Think you are in compliance with the Servicemembers Civil Relief Act? Now would be a good time to make sure since the federal government is increasing its enforcement efforts as part of its Servicemembers and Veterans Initiative.
The Servicemembers Civil Relief Act (SCRA) is a federal law that provides a wide range of protections to eligible servicemembers. The law’s purpose is to postpone or suspend certain civil obligations so that members of the Armed Forces can focus their full attention on their military responsibilities without adverse consequences for them or their families. The first iterations of this federal law date back to the Civil War. Contrary to beliefs held by many, the SCRA applies to all companies, not just banks. The current law is very broad in scope, providing benefits and protections related to rental agreements, security deposits, prepaid rent, evictions, installment contracts, interest rates on all debt: including home loans, credit cards and student loans, mortgage foreclosure, civil judicial proceedings, automobile leases and repossessions, life insurance, health insurance and income tax payments.
The Civil Rights Division of the U.S. Department of Justice (DOJ) is tasked with enforcing the SCRA and has been aggressively doing so since 2011. The Office of the Comptroller of the Currency (OCC) and the Board of Governors of the Federal Reserve System have also brought enforcement actions in the last few years. In just the past five years, these agencies have brought more than 35 actions requiring payments in excess of $650,000,000 in fines and remediation.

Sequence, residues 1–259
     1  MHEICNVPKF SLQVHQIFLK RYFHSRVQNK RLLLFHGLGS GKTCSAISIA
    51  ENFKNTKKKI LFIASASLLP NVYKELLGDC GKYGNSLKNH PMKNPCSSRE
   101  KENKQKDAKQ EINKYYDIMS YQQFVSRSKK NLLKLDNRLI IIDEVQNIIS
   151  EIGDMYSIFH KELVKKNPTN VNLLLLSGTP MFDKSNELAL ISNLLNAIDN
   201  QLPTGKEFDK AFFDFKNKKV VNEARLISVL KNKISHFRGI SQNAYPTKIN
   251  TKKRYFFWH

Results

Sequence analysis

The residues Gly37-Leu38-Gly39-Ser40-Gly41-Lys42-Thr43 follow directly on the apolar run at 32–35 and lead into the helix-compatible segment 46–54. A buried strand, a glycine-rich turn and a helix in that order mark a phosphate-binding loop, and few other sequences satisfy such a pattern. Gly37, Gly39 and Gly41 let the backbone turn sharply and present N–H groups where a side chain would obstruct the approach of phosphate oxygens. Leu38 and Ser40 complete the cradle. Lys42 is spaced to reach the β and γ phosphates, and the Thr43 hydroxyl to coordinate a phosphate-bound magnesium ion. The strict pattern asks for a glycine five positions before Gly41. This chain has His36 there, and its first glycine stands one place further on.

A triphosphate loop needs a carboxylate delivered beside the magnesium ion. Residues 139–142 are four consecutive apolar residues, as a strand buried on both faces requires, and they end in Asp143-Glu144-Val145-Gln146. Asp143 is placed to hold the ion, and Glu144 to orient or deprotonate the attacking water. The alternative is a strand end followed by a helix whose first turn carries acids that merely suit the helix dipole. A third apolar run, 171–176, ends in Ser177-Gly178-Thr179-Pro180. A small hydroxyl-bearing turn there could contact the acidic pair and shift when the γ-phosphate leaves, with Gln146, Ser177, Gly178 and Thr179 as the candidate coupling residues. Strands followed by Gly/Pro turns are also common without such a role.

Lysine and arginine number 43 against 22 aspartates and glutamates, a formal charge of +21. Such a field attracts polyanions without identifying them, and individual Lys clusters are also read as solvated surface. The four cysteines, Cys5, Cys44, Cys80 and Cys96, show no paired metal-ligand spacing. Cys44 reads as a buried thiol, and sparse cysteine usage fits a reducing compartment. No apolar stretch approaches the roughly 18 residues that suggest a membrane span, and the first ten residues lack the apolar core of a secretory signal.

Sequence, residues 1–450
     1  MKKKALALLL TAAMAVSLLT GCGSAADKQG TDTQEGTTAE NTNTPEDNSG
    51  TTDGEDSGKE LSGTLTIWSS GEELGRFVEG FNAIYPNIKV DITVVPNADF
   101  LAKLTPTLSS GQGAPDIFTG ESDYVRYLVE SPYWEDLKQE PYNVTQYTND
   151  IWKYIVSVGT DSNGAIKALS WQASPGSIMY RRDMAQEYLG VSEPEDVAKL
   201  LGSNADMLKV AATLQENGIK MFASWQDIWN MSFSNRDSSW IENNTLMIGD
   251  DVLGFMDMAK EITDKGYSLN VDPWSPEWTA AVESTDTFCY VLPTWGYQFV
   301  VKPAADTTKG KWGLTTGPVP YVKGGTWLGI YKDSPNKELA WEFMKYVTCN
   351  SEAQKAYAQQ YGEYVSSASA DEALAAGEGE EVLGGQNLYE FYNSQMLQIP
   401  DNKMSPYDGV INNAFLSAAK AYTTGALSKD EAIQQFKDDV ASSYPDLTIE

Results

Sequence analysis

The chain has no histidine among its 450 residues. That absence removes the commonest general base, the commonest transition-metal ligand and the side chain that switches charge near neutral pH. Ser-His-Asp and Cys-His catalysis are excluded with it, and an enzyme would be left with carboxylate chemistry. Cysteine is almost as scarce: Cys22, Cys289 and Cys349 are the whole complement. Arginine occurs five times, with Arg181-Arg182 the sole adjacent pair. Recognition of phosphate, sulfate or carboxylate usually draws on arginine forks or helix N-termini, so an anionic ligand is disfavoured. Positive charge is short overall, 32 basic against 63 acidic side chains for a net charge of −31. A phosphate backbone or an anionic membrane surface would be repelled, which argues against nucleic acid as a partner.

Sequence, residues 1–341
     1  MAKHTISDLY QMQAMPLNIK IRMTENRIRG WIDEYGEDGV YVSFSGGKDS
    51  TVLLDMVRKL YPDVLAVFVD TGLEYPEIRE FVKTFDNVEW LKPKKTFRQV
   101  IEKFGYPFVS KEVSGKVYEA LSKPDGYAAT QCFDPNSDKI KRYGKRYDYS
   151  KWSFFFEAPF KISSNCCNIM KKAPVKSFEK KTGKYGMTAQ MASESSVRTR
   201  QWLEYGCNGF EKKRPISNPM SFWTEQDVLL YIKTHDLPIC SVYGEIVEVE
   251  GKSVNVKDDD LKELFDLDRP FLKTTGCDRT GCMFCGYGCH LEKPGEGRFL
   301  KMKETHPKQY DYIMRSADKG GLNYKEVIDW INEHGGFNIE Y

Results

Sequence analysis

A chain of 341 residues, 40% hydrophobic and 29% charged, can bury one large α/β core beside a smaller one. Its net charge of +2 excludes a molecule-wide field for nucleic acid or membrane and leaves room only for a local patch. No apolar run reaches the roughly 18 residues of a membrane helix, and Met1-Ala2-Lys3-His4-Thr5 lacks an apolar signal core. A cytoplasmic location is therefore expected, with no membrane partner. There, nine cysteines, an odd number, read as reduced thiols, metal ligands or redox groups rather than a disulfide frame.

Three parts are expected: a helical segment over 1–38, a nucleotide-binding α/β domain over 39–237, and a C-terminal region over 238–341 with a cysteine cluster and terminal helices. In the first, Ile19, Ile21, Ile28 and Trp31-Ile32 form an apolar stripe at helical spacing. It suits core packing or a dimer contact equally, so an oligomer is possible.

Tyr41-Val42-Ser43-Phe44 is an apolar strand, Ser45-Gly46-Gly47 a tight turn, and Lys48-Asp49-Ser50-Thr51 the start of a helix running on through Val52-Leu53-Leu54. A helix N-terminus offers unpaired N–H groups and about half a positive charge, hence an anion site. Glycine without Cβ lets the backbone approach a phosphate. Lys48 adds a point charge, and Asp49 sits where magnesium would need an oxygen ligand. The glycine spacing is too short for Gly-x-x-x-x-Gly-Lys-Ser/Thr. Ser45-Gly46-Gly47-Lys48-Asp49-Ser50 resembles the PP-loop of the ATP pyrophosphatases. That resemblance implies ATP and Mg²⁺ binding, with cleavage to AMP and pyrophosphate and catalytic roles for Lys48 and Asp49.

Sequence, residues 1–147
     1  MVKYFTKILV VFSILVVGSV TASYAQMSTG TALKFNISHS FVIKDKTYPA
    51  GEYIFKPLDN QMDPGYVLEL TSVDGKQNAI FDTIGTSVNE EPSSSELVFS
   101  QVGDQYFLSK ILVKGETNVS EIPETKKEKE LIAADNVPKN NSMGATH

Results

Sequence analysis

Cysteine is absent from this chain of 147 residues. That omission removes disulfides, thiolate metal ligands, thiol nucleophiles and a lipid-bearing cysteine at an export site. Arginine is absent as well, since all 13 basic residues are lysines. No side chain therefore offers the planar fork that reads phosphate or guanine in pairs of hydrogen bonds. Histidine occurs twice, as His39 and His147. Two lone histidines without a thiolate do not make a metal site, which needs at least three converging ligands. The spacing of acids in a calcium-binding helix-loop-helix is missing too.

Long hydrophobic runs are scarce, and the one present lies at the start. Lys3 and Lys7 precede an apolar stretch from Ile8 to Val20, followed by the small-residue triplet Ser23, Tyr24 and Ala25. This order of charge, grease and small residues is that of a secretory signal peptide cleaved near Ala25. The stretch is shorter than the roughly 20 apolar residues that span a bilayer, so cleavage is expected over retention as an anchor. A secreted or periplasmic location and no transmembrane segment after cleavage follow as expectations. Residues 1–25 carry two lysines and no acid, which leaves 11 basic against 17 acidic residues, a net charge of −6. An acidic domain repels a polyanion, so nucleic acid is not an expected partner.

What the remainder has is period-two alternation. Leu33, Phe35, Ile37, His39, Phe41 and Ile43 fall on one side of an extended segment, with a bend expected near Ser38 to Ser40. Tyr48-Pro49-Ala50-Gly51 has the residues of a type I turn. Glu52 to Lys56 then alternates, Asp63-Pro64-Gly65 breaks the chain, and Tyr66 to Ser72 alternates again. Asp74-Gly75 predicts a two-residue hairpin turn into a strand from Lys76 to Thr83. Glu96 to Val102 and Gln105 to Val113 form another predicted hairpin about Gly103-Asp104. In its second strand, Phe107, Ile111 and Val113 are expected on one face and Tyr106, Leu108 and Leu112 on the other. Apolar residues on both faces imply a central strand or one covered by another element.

Through the government’s enforcement actions, it has been retroactively imposing standards that go beyond what is set forth in the statutory text and legislative history. To make matters more challenging, there has been no public guidance issued as to what the government believes is required in order to comply with the SCRA. One can glean some of the requirements by reading the Consent Orders from settlements, but unless you have been party to one of these settlements, certain requirements remain unknown.
The number of enforcement actions will almost certainly increase. On November 2, 2016, DOJ announced a new program, the Servicemembers Civil Relief Act Enforcement Support Pilot Program, to support its enforcement efforts related to protecting the rights of current and former military personnel as part of DOJ’s Servicemembers and Veterans Initiative. The new pilot program funds Assistant U.S. Attorney and trial attorney positions to assist with SCRA enforcement, and also designates military judge advocates currently serving as legal assistance attorneys to serve as Special Assistant U.S. Attorneys to support DOJ’s enforcement efforts related to the SCRA. U.S. Attorneys throughout the country will also be appointing Initiative Liaisons to work with local military and veteran communities.